Every day or so, I perform a little ritual on one of my projects that those of you who have blogs are well familiar with. I log into the admin console and moderate comments.
Which brings me face-to-face with THEM. Spammers, in overwhelming numbers. It has gotten to the point where I actually “grade” them on the quality of their blog comment spam. There is a definite hierarchy in terms of blog comment spam quality.
On the low end of the blog comment spam scale, you have the 20-line blather of keywords and links. Generally for a cornucopia of pharmaceuticals and Brazilian fashion products. They are dumping a tag cloud in your blog. NEXT.
Moving up the blog comment spam scale, you get the full frontal ad. The spelling and grammar is usually decent, since it is a form letter, but the post is completely off topic. This seems to be a preferred approach for several spammers. This is easy to moderate.
The better spammers resort to outright flattery and mild insults, sandwiched between two links. There is a fascination with my WordPress theme, the fact my site looks better in pink, and assurances they will add me to their RSS reader. Generally composed using marginal English. I moderate these quickly, although some of them will probably be approved by a newbie blogger.
Then we get to the grey area. Comments with a reasonable sounding URL, a legitimate looking site, and content which is relevant to the blog post. I am flexible on what the content actually is – factual contributions, intelligent questions, even a snarky quip. But with enough meat that the blog reader gets a little something extra.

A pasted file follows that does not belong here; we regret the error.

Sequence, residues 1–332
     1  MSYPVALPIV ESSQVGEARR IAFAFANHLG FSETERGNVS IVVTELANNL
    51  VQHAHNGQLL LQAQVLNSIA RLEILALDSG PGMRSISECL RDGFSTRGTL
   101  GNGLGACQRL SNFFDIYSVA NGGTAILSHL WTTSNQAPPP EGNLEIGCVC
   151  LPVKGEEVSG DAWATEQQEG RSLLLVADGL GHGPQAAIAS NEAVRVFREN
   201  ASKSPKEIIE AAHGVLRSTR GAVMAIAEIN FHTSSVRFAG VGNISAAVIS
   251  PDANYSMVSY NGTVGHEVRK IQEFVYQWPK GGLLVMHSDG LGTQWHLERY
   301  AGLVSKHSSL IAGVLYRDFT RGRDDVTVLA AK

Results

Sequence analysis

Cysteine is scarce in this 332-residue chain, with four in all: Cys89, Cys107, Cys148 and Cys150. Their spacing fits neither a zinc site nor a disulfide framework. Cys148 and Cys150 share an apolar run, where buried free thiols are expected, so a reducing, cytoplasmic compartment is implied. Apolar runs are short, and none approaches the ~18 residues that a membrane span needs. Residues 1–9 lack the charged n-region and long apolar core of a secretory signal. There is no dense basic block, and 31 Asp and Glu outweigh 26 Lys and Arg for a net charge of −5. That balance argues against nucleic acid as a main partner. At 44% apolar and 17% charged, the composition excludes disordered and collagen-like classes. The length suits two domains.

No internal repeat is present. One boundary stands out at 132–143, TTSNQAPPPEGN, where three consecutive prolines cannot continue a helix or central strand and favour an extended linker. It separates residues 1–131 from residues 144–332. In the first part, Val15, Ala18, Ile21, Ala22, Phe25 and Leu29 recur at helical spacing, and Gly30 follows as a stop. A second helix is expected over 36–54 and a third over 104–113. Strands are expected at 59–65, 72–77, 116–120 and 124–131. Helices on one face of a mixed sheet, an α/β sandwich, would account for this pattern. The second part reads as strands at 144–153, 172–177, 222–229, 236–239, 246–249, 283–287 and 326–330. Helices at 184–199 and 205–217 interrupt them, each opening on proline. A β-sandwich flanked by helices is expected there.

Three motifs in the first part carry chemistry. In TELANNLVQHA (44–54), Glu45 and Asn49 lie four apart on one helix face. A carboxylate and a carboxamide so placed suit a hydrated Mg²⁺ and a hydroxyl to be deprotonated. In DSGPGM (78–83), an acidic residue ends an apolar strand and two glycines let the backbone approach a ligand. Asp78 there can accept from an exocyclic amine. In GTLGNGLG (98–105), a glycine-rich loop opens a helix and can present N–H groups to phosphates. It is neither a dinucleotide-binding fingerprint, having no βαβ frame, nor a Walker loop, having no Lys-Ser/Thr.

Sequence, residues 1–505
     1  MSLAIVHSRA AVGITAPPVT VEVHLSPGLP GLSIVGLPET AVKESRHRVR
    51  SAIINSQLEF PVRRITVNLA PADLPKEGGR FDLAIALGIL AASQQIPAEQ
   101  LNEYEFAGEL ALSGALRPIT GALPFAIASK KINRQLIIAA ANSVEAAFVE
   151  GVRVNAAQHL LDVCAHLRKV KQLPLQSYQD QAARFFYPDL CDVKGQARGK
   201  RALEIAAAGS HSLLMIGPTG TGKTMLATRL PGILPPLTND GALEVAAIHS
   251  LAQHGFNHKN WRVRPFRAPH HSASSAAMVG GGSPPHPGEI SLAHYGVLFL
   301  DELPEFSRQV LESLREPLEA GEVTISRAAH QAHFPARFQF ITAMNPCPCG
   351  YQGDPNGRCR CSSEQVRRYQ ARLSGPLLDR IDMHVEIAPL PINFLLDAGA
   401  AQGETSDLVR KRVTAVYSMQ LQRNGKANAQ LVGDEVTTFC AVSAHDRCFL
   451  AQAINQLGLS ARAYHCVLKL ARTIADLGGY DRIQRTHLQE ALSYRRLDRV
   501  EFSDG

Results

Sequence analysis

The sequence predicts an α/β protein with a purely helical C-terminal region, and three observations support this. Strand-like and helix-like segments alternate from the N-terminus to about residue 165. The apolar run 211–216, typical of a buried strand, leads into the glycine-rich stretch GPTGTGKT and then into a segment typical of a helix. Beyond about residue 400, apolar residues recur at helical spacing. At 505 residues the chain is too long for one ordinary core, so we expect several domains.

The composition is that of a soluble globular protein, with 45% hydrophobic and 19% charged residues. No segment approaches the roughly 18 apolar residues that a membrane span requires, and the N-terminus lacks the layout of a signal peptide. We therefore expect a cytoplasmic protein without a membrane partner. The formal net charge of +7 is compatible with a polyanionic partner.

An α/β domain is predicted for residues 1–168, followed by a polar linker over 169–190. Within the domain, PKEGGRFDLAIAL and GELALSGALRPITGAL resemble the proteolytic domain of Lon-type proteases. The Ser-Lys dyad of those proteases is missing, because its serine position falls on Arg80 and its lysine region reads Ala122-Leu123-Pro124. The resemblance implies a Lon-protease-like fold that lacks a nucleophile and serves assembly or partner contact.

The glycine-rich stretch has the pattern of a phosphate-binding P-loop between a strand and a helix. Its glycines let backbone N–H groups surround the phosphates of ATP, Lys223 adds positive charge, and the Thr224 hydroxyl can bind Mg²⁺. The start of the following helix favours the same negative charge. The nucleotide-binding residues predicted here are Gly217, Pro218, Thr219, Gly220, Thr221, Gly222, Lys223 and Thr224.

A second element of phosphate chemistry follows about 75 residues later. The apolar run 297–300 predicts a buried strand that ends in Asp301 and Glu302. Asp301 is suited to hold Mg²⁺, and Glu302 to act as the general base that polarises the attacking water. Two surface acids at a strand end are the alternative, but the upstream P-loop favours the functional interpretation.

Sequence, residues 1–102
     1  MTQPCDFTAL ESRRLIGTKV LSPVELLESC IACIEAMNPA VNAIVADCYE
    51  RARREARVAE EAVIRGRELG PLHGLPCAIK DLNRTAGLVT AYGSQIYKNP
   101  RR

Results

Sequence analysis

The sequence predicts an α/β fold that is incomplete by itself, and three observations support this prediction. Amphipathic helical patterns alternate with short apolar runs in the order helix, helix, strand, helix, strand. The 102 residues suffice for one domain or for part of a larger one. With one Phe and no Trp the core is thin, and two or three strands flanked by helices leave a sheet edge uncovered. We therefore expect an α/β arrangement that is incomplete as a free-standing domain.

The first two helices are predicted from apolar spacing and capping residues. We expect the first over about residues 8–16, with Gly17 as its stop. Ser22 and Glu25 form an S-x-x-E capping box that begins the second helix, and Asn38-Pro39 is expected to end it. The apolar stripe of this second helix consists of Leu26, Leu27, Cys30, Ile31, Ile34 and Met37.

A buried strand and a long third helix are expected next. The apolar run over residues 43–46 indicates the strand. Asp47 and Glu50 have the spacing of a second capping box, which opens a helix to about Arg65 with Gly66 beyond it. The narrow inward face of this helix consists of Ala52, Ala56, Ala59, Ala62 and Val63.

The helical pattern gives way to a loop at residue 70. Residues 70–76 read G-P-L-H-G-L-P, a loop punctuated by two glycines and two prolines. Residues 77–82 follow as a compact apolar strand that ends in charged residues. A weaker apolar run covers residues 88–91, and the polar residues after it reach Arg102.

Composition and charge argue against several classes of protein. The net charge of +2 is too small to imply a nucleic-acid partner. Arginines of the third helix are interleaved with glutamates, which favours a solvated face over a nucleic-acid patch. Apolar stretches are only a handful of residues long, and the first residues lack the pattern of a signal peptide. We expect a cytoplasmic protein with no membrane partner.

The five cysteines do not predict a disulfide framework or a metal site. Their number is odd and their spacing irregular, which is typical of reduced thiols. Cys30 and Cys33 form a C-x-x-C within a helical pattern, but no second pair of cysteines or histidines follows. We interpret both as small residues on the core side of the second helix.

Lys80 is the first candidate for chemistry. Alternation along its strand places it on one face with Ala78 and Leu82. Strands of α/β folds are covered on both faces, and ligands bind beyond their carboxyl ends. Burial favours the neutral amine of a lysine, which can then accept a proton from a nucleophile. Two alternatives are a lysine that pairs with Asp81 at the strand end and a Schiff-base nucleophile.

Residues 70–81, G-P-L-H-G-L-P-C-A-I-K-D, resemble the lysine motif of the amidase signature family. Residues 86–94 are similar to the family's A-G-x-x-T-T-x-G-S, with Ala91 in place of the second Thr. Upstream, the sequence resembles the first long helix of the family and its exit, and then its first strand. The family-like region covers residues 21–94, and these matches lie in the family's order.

Most of these comments have a promotional intent. They are marketing, delivered in a polite respectful fashion. Delivered with the same intent of a sharp question to a CEO at a business conference – seeking to attract attention to the asker. Yet relevant and useful. These are worth approving – heck, that is the whole idea behind social blogging – networks of communities with common interests. Put something on my site which adds value to my visitors and I am happy to send a few people back your way.
And that is the first big idea here. I do not have a problem with someone including his or her calling card (e.g. URL) on a helpful comment. It actually helps build the credibility of their post. For certain subjects, you probably should insist on it – when it comes to talking about healthcare, I would rather see a back link to a Mayo Clinic doctor than Bob’s Bathtub Potions.
What I have a problem with is someone hijacking my message and my audience to promote Brazilian sunglasses or crackpot home health remedies.
Irrelevant is just rude and annoying.
So what are the implications of this?
1) As a blog commentator seeking to build your brand, leave fewer but more targeted comments. I have been pleasantly surprised by the number of my comments on other blogs which were approved (with link) just by being on-topic.
2) As a blogging community, we are making a mistake by moving toward no-follow comment link policies. By making this the default behavior, we are reducing the incentive to collaborate within the community to improve each other’s content via comments.
My blog posts are missing your excellent comments. Your blog posts are missing mine. Our collective readers are missing out and less likely to bookmark us. I am willing to invest 15 – 20 minutes to earn a back link from a decent page that builds my traffic. I am significantly less motivated to spend quality thinking time on something with no return.